- We have to be more strategic than ever with how we invest our resources. By resources, I am including time and energy as well as funds. We will want to run everything we do through the filter of our mission to make God’s glory known. If we cannot connect an event directly to that mission, then the question begs itself: Why are we doing it? We simply cannot afford to invest our resources in events because we have always done them, we enjoy them, or because they are expected. This requires us to have blunt and potentially difficult discussions as kids teams and church leadership teams. But if we are going to be a healthy, church-planting church, we have to have space in our budget and schedule to accomplish that mission.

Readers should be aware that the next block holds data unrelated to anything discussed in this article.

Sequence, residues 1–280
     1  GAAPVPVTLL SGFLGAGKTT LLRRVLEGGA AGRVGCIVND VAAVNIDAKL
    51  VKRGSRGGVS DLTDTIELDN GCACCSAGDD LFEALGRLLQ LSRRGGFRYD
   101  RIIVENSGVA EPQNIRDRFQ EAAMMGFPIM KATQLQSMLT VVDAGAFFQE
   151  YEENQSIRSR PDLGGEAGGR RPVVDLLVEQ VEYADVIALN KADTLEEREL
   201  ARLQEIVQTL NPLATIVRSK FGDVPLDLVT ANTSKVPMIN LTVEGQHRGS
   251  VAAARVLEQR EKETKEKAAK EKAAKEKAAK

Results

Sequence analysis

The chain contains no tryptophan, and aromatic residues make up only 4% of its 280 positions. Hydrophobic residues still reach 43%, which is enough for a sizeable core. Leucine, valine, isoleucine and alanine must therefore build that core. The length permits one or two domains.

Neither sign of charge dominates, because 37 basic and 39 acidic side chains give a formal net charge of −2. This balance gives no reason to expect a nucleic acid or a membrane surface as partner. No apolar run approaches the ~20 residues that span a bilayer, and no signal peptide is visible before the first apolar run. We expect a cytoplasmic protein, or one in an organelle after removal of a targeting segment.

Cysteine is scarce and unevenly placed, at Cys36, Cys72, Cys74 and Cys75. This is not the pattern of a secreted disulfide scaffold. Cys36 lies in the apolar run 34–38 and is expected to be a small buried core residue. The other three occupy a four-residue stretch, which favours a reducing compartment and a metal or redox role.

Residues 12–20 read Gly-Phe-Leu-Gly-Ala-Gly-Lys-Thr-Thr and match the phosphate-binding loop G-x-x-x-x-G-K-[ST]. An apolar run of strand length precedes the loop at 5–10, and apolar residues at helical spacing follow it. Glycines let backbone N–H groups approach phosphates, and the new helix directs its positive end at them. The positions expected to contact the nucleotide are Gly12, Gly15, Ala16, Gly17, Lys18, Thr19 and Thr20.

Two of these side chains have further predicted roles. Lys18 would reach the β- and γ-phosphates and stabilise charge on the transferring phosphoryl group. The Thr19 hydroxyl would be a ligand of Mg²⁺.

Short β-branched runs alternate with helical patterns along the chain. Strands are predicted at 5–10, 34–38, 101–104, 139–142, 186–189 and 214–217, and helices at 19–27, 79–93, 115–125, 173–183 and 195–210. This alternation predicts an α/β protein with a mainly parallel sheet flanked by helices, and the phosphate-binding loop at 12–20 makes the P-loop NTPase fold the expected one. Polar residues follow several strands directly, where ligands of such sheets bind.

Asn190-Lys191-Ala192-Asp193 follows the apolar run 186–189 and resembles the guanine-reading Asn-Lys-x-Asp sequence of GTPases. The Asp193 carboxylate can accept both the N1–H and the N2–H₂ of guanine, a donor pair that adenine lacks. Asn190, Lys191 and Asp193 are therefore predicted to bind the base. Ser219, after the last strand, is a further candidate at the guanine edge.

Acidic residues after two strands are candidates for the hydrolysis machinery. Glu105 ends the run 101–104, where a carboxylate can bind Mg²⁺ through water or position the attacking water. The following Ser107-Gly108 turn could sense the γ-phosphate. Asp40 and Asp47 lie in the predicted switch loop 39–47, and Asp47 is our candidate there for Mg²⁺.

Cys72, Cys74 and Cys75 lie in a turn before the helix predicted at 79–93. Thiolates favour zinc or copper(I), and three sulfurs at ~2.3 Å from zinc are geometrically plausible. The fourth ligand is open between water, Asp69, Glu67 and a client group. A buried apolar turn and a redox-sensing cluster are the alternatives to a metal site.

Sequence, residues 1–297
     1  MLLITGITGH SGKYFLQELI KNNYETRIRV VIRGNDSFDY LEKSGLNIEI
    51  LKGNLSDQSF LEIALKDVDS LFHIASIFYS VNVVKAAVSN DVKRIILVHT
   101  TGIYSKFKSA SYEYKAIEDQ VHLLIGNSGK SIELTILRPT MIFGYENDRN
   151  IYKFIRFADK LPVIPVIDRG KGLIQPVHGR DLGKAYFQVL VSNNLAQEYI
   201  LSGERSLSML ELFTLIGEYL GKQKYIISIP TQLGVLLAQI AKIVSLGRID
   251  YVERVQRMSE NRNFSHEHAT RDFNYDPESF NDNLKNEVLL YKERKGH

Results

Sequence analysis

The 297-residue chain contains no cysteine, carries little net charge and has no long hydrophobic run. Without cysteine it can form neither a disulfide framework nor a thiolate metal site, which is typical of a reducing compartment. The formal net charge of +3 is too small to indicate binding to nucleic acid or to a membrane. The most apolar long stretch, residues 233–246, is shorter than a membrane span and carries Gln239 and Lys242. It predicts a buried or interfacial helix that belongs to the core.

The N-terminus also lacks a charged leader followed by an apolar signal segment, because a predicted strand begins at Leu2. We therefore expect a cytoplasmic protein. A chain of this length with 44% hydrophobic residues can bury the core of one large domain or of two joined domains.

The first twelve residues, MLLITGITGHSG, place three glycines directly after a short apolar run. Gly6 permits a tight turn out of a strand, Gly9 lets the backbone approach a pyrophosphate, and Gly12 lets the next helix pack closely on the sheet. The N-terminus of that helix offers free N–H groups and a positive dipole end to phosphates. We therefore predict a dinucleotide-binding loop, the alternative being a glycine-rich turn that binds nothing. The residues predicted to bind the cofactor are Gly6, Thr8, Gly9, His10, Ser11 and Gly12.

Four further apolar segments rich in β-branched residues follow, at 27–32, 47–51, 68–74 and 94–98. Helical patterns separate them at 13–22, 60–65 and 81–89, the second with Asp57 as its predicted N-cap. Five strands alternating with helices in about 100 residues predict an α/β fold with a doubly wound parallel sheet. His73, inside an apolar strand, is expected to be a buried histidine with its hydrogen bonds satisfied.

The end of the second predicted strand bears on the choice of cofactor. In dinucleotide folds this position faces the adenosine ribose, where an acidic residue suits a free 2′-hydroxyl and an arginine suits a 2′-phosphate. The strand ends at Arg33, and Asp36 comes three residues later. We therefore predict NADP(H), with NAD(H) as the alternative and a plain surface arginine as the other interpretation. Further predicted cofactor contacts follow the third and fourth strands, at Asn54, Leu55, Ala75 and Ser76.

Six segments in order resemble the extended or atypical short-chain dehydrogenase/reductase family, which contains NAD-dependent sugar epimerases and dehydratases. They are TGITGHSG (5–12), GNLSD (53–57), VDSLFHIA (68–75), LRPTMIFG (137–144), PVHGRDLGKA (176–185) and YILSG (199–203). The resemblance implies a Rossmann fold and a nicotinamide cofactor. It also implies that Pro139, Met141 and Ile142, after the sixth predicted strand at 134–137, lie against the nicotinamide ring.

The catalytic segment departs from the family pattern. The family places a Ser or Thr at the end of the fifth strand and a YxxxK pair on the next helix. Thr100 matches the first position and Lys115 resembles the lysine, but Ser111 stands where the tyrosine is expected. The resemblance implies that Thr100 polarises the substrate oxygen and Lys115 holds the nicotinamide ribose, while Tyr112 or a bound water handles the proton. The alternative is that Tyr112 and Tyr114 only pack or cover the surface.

- We need to hold onto what God has given us with an open hand. If the first implication is unnerving, this one is down-right frightening! Planting churches requires resources. As we just saw, financial resources are scarce in most of our churches, so we have to be careful with our budgeting so that we have finances to plant churches. Being strategic with what we do is an important first step, but there is also a second one. There may be times when we do not do something that passes the mission test because of the greater win of planting a church. Sometimes we have to do without the good to accomplish the best. But it isn’t just budgeting and calendar resources we have to hold with an open hand it’s our greatest resource as well—people. I wonder if too many churches view their members through a sort of siege mentality. We are so afraid of losing people that we sometimes do all we can to ensure they are part of our church…for good. I trust you recognize the problem with this if we are going to be church-planting churches. Instead of holding onto our members with a death-grip (and that pun was intended), we need to proactively cast vision, train, and release our members to plant churches. And we need to trust God in this process. We need to trust God to bless the churches being planted as well as the sending churches. Sure it is frightening to release that key leader, godly family, or beloved staff member to plant a church, but the kingdom is at stake and God will reward our faithfulness. He always does.